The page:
Author – Dave Hannah
It seems that every year our summers end earlier. The days are getting shorter and the nights are getting colder. As our fall heating needs are realized, our chimneys, that have been idle for the last six months, suddenly have to go back into heavy use.
The summer heat has dried out the flammable deposits left in our chimney flues from wood burning stoves and fireplaces. These deposits of soot and creosote are highly flammable and when heated, can result in a chimney fire.
Chimney fires can reach temperatures of over 2000 degrees. Our chimney may fail to contain this heat and radiate these high temperatures to the structure of our homes. The combustible areas surrounding your chimney may ignite resulting in a full scale structure fire.
Many homeowners think because they do not burn wood on a regular basis, there is no danger.
Nothing could be further from the truth. As we reach for our thermostats this fall to get our heating systems fired up, the flue systems of your chimney are recalled to action. For several months these systems have been inactive. During that time there may be several types of debris and materials blocking the free flow passage of your furnace exhaust gases. You may have accumulated leaves and other types of debris such as animal nests in your furnace flue system.
Many homeowners have upgraded their heating systems to high efficiency furnaces. While sending less heat up your chimney may seem like a good thing, the problem arises when lower exhaust temperatures result in a serious amount of condensation in your flue liner. This moisture mixed with acids from your furnace soot can quickly deteriorate the interior of your lining system. This deterioration may result in blocked chimney systems and loss of containment of the mortar between flue tiles.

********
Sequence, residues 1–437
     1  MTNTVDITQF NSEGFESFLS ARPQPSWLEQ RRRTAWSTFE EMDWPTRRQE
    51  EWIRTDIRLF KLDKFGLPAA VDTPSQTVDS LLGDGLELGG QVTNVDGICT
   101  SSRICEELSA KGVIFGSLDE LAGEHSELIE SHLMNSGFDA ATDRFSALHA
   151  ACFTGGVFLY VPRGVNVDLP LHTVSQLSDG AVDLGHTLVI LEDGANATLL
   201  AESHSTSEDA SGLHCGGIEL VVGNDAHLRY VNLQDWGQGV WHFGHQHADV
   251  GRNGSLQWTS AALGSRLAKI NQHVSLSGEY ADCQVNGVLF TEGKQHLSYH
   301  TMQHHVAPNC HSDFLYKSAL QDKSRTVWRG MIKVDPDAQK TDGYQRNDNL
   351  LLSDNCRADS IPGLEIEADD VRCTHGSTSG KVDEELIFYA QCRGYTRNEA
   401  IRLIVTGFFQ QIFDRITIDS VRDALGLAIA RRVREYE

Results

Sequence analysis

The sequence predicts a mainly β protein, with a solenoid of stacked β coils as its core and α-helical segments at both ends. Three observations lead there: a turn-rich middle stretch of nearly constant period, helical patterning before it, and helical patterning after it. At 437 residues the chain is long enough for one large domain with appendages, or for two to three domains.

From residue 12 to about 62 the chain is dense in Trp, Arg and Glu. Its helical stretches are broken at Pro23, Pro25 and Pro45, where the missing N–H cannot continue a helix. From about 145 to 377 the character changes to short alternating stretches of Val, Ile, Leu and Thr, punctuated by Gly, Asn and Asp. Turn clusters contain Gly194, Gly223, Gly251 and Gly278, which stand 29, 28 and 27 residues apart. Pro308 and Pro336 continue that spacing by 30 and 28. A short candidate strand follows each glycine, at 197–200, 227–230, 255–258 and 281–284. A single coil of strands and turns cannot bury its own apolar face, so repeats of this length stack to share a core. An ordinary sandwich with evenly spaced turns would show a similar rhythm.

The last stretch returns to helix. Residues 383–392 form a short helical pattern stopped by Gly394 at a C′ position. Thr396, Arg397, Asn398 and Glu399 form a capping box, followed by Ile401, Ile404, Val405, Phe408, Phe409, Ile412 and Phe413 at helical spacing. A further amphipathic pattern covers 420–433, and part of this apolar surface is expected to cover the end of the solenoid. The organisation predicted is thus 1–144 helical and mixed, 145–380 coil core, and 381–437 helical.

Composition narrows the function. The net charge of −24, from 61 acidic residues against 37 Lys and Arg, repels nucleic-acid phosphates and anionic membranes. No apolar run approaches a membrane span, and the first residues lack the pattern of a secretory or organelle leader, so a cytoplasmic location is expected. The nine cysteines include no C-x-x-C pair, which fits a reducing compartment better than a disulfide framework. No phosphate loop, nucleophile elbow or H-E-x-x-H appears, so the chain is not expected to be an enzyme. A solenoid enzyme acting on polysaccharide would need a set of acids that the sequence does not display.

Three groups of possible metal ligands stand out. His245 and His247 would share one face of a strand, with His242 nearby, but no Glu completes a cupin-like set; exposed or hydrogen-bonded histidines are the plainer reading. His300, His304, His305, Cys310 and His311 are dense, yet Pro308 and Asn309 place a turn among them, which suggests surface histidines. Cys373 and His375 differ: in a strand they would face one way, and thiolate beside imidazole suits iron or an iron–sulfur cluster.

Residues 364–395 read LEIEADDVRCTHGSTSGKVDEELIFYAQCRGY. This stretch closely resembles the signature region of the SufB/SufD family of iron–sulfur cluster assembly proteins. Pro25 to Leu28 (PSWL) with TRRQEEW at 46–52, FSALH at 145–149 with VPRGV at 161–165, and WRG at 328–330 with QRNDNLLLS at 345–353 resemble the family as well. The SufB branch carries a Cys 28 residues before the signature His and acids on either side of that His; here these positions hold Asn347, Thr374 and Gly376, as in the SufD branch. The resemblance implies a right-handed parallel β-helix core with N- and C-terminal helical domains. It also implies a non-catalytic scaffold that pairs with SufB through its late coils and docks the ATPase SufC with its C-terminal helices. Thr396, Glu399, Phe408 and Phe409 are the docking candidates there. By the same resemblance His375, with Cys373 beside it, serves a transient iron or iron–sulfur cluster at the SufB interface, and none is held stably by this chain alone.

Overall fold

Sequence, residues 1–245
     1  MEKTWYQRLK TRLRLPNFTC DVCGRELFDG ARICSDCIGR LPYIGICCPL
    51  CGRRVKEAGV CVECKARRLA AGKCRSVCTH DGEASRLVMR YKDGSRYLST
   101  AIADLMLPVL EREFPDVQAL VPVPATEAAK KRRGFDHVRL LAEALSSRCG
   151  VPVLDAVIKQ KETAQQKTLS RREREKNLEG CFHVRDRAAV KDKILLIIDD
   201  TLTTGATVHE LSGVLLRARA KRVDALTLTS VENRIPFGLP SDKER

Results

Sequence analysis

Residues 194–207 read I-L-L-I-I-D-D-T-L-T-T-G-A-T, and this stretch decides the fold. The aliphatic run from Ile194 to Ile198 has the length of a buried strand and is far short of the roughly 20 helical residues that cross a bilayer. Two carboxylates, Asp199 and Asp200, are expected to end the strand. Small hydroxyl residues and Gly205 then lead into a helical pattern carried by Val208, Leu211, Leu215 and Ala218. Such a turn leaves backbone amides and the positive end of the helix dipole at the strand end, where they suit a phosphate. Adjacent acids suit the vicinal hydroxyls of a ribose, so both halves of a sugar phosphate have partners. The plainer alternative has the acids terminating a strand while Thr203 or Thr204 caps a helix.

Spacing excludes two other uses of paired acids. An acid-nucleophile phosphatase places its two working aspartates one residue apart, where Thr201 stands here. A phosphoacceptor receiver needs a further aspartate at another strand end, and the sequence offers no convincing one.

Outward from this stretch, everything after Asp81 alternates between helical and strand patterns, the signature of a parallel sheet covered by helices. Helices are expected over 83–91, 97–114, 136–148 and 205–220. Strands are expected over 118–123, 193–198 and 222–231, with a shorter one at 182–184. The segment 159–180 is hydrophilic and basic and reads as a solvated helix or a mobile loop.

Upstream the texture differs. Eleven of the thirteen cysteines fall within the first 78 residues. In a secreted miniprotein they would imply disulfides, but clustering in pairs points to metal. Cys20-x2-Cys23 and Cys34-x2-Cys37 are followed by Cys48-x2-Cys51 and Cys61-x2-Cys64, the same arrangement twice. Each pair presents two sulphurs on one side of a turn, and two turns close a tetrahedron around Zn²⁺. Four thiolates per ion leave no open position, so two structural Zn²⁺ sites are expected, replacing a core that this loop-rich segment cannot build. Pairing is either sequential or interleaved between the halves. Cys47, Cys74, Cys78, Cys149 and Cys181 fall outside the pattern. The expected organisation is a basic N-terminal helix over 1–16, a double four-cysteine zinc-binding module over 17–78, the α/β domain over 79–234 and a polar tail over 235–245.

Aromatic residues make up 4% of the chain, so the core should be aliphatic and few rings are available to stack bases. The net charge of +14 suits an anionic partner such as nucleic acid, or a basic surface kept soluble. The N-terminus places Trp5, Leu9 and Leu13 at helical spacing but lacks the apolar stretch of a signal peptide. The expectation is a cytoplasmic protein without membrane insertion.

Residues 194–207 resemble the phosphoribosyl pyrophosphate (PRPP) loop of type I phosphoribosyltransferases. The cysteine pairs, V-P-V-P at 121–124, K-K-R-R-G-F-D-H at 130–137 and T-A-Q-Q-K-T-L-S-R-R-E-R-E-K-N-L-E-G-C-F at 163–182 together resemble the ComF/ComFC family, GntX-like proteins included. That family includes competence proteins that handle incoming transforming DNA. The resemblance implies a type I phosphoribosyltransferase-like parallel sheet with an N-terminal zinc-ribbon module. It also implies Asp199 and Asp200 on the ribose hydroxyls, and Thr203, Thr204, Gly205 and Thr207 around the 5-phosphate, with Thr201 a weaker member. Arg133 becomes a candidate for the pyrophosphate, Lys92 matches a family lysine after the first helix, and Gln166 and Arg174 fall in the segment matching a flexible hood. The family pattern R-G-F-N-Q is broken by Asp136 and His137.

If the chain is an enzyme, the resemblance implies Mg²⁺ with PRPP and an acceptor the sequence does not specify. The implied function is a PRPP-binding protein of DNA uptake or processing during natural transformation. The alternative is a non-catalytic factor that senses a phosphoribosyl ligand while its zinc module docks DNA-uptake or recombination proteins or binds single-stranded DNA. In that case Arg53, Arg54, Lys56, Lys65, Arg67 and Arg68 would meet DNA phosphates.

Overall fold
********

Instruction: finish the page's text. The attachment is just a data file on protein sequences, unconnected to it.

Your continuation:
When your furnace flue system becomes obstructed and has suffered a loss of containment, deadly carbon monoxide fumes may enter your home. Since carbon monoxide is both odorless and colorless, many homeowners have suffered severe injuries and even death from carbon monoxide poisoning.
This fall and since 1920, when President Woodrow Wilson first proclaimed the week of Oct. 9th as National Fire Prevention Week, the media, along with fire departments nationwide, will be making every effort to make the public aware of the dangers of house fires.
The week before National Fire Prevention Week, chimney sweeps across the nation will be celebrating National Chimney Sweep Week, Sept. 29th – Oct. 5th.
Your chimney sweep will be working day and night to reach homeowners and increase the awareness of the dangers that may be lurking in their chimneys. Right now is an excellent time to call your chimney sweep and make an appointment for your annual inspection. You may find a highly qualified chimney sweep on this site by going to “find your Chimney Pro.”
We all will be turning our clocks back on Sunday, November 3rd.
This is a great time to change the batteries in both your smoke alarms and your carbon monoxide detectors. Before you turn your clocks back this year, be sure you have already called for your chimney inspection to protect your family from a chimney fire and from deadly carbon monoxide poisoning.
~ Dave Hannah
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